Judge Wood has questioned whether New York’s new exam, the Academic Literacy Skills Test ( ALST), also is “racially discriminatory,” reports the Times. A hearing is scheduled this month. (Here are sample questions.) The state Board of Regents has “agreed to postpone for a year the requirement that candidates pass the ALST.”

In New York City’s public schools, 41 percent of students are Hispanic, compared to 15 percent of teachers. The disparity is much narrower for blacks: 25 percent of students and 18 percent of teachers are black.

Research is mixed on whether students learn more with a same-race/same-ethnicity teacher. Of course, it’s not clear how to predict who’s going to be an effective teacher, but high verbal ability seems to be a plus.

Nimbi: Mysterious, ephemeral and on the test

New York’s Core-aligned tests are too hard, teachers are complaining.

One version of the sixth-grade test asked students to answer questions based on a Smithsonian article, Nimbus Clouds: Mysterious, Ephemeral and Now Indoors, on a Dutch artist who creates and photographs indoor clouds.

Berndnaut Smilde’s favorite picture uses the architecture of the D’Aspremont-Lynden Castle in Rekem, Belgium. “The contrast between the original castle and its former use as a military hospital and mental institution is still visible” the artist writes. “You could say the spaces function as a plinth for the work.”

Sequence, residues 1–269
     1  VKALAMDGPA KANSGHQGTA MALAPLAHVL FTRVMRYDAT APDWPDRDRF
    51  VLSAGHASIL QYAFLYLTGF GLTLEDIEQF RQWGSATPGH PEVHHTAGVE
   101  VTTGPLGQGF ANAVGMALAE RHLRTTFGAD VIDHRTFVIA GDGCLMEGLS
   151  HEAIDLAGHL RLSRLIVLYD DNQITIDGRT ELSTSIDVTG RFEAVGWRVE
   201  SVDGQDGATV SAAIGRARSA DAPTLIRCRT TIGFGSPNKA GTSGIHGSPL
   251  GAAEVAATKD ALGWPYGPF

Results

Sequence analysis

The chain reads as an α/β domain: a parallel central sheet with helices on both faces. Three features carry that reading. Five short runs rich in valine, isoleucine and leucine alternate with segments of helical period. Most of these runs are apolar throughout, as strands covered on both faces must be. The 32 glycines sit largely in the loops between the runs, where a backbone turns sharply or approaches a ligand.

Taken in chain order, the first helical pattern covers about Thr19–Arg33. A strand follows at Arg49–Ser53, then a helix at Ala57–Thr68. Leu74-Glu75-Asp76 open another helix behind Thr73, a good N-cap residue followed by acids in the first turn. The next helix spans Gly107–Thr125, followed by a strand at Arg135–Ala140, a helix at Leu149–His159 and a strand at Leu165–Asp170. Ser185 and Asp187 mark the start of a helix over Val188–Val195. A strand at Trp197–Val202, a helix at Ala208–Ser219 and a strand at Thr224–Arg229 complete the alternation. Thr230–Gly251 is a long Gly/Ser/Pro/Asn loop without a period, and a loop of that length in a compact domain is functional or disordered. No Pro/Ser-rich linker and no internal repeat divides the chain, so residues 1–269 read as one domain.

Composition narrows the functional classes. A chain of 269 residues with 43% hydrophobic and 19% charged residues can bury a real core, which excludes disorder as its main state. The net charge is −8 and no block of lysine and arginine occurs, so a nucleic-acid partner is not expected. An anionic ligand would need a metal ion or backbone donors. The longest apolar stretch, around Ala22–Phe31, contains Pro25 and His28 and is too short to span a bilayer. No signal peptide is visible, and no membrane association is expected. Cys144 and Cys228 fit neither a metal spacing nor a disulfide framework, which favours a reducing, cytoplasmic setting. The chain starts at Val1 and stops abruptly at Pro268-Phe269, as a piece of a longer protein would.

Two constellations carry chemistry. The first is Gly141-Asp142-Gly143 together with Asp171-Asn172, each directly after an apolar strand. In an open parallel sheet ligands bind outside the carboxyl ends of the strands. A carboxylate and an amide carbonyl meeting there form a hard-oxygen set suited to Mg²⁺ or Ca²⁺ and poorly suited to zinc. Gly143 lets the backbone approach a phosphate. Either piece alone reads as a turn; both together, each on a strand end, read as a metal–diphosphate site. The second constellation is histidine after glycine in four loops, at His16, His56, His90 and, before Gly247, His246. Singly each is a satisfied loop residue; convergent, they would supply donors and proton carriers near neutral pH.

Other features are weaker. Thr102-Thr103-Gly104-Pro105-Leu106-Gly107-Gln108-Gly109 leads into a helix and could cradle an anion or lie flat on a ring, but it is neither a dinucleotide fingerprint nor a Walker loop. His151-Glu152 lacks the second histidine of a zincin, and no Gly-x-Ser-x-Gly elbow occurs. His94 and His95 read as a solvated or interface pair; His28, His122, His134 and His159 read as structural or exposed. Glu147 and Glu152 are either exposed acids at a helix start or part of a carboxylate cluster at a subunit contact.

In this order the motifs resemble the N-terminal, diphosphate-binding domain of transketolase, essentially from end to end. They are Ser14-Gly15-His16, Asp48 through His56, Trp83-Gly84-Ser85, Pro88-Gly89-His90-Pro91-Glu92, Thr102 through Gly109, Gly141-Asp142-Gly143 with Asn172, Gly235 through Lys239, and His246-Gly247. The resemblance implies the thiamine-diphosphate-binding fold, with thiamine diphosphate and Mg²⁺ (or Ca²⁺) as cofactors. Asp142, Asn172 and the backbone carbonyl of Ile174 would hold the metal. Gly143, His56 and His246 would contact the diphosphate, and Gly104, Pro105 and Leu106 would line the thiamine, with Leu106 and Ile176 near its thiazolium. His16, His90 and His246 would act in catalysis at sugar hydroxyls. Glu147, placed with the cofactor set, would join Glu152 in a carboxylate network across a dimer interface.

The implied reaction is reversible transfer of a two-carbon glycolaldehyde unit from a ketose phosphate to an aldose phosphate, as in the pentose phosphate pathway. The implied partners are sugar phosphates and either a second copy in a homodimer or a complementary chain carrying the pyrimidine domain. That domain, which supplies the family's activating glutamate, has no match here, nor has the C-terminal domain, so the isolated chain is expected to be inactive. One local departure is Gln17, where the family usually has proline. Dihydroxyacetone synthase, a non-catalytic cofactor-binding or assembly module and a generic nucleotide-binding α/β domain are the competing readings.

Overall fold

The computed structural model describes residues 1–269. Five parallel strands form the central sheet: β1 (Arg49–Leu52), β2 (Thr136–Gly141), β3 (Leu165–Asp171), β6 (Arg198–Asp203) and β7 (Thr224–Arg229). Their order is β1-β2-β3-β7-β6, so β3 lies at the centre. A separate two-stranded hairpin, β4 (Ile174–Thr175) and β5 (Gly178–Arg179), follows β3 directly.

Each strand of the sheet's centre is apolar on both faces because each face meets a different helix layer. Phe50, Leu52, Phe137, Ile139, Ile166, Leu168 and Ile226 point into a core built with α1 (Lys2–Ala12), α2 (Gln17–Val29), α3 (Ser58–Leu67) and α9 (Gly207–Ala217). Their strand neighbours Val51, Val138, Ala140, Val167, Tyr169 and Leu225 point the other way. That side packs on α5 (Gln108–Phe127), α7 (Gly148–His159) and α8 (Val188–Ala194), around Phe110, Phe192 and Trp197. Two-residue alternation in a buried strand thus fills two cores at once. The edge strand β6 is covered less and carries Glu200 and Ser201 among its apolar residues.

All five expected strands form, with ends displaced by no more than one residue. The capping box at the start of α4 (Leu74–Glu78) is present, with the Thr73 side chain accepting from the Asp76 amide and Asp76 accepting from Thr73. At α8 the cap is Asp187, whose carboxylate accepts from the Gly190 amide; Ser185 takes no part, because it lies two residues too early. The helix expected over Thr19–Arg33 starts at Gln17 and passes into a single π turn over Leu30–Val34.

Nimbus D’Aspremont. © Berndnaut Smilde.

Others complained of a sixth-grade passage from That Spot by Jack London, which included “beaten curs,” “absconders of justice,” surmise, “savve our cabin,” and “let’s maroon him,” writes Valerie Strauss in her Washington Post column.

One version of the eighth-grade test required 13-year-olds to read a New York Times‘ story, Can a playground be too safe?  with vocabulary such as “bowdlerized, habituation techniques, counterintuitive, orthodoxy, circuitous, risk averse culture, and litigious,” writes Strauss.